There are mowers mowing

 

There are mowers mowing all the bright sprung lawns,

I hear them over hill and down the dale,

but blackbirds fill the evening hush with song.

 

Though unease rustles in the gentle breeze,

and streets are empty, only fear’s abroad,

there are mowers mowing all the bright sprung lawns.

 

No traffic noise disturbs the rushing stream

that runs between the banks where thrushes sing;

I hear them over hill and down the dale.

 

When lawns are smooth and green enough to please,

and doors are closed against the fading light,

the blackbirds fill the evening hush with song.

Published by

Jane Dougherty

I used to do lots of things I didn't much enjoy. Now I am officially a writer. It's what I always wanted to be.

43 thoughts on “There are mowers mowing”

    1. I wondered if they wouldn’t decide to let the grass grow out of respect for all those people cooped up in apartments who don’t have a lawn to manicure. The dandelions and daisies are so pretty too.

      1. It would be good to know. It would also be good to know why the Pres. of the US dismantled the organization in charge of pandemics and biological warfare having been advised that there likely would be a pandemic in the near future by the previous administration. It’s baffling.

      2. Sorry, I misread your comment. I see now it was the previous admin that advised the structure would be needed, not created it. I’m not an Obama groupie.

        Trump doesn’t come into everyday conversation here, but he’s obviously very important to American bloggers, and French politics being a minority interest, I go along with it. I do think he’s an awful figurehead, unstatesmanlike and I don’t like what he says, but I’m surprised you think I have much to say about Obama. I only know how he came across as a person, not what he actually did. As far as I’ve read, he didn’t do very much, his hands tied by the opposition and his politics being pretty centrist.

  1. This really speaks Jane. I have thought exactly the same. It seems so incongruous to be mowing lawns – yet they have to be done. And hearing the birds too. So wonderful to hear them, but the fear is never far away. And the birds know nothing of it. They just keep singing.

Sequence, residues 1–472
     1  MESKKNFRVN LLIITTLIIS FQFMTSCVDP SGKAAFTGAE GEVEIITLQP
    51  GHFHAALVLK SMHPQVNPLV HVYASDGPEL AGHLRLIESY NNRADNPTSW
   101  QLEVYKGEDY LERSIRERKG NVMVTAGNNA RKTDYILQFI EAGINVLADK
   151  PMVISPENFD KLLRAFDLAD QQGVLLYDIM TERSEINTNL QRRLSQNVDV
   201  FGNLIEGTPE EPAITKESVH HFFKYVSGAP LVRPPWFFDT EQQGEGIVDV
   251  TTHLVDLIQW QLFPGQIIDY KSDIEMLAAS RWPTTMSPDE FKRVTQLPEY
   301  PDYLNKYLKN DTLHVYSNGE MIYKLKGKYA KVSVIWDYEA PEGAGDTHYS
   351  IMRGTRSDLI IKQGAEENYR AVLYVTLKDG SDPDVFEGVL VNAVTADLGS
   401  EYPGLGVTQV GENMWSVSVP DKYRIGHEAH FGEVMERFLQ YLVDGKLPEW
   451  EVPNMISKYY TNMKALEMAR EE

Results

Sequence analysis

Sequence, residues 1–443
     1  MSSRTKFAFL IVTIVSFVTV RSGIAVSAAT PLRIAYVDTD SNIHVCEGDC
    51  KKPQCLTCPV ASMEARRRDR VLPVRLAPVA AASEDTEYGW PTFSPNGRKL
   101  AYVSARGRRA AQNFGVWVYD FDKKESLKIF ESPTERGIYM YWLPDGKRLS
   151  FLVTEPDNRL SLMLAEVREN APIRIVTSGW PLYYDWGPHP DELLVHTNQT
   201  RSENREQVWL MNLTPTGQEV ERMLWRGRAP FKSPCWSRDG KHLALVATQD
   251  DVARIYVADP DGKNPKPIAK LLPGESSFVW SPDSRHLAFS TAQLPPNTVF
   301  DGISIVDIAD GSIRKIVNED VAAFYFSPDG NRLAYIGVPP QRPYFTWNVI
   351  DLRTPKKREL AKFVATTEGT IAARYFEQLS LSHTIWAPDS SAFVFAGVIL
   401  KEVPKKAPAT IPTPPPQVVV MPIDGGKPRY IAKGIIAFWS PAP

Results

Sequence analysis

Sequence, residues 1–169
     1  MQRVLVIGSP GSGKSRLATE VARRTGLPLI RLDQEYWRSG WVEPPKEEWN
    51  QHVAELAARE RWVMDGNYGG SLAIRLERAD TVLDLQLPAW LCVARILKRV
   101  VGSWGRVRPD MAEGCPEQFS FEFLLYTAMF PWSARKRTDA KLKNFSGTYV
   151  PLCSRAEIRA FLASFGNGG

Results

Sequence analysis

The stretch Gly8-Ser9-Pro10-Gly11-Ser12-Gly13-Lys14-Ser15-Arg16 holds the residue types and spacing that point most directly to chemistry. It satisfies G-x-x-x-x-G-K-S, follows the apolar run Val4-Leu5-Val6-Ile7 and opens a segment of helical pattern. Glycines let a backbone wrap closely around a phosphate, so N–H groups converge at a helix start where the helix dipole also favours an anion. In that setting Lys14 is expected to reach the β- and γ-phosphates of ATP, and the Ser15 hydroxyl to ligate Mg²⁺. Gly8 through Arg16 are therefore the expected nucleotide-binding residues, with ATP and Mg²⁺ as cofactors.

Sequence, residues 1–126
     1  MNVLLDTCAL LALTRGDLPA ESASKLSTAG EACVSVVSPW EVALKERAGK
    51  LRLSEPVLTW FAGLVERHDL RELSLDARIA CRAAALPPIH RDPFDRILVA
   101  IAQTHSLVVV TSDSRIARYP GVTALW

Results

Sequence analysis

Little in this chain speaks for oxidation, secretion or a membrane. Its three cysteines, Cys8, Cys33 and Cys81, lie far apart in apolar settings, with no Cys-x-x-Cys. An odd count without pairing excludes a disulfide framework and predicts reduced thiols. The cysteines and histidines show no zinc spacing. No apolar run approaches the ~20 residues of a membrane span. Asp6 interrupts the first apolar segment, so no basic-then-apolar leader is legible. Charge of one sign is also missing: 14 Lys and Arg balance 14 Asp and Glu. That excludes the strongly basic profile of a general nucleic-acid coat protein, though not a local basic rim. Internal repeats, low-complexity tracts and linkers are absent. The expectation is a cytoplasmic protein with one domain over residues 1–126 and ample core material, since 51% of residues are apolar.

1. Thank you! It’s not their problem. We make enough of those for them. Yes, mowing the lawn seems like such a trivial thing to get worried about, but for some people it’s important. Wait till fuel rationing comes in and we’ll see how important it is 🙂

      1. Mowing the lawn iscdefinitely not trivial Hane. I didn’t mean that but I didn’t express it clearly maybe. I was just drawing the comparison bewteen the lovely and happier things whilst all the horror is going on. I better shut up as I don’t know how to say it. I love the burds so much. I am blind and wheelchair bound and my life has been stripped of everything, but ut us the burdsong that gives me hope and keeps me going. I am sorry uf I expressed things badly. I just loved your poem because it mentioned all the things that I love the most that I can no longer see. So sorry. X

  2. Don’t apologise! I think I was the one didn’t express myself properly. I’m not a fan of mowing lawns or lawns at all. I much prefer flowers to shaved grass full of herbicide. But I love birds and I appreciate the quiet that allows me to hear them. I meant that the birds have no part in our problems that we have created all by ourselves. They do what they have to do despite us. I’m sorry you can’t see them as well as hear them, and if I could I’d send you some of our wood pigeons to wake you in the morning cooing down the chimney 🙂

    1. The birds keep an eye on us because they’re wary and we are unpredictable. There’s something so predictable about the men who get on their ride around mowers on the first day of confinement at home. They find it impossible to see the wildflowers in the grass as anything other than a provocation.

  3. I always liked the dandelions, and also wondered why the grass had to be short. It’s a big thing in the suburbs, people are very judgemental about the way you keep your lawn. We must take everything…. (k)

      1. My brother once made almost his entire yard into a vegetable garden. The neighbors were not pleased.

        These days there are neighborhood associations to enforce the “rules”. Gated communities to keep the riff-raff out.

      2. I did read about people wanting to grow tomatoes and being told they were unsightly or something. Sounds a teensy weensy bit fascist to me, but I’m willing to listen to their reasons.

  4. This is lovely. The birds keep singing, and I’m not a fan of noisy machines either.
    It lifts my spirits though to walk out in the early morning and hear the spring choir singing.

  5. Routine amidst the fear that is abroad, for some the normalising rituals, irrespective of the urgency of the moment, seem to help. Our lot can’t help going to the beach or the mall.

    1. Rituals are fine as long as they stay private. At the moment, group activities are out of bounds. Beaches, promenades, parks all closed. No shopping malls either. No shopping except for essentials. If there wasn’t a virus going around and the economy wasn’t plunging into recession, I’d say we were in a pretty good situation.

      1. The earth breathes again in some places too, I find that healing in itself. Our lot have disobeyed the ruling which is a typical Ned Kelly response, so they gathered all over the place as usual.

      2. Dolphins in the Venice lagoon. Makes a change from those bloody awful cruise ships. Maybe people will decide that they would rather have nature than tourism but I doubt it.
        We get the same thing here, the rebels. Spreading the virus to their grandmas. I’m sure they appreciate their stand for freedom.

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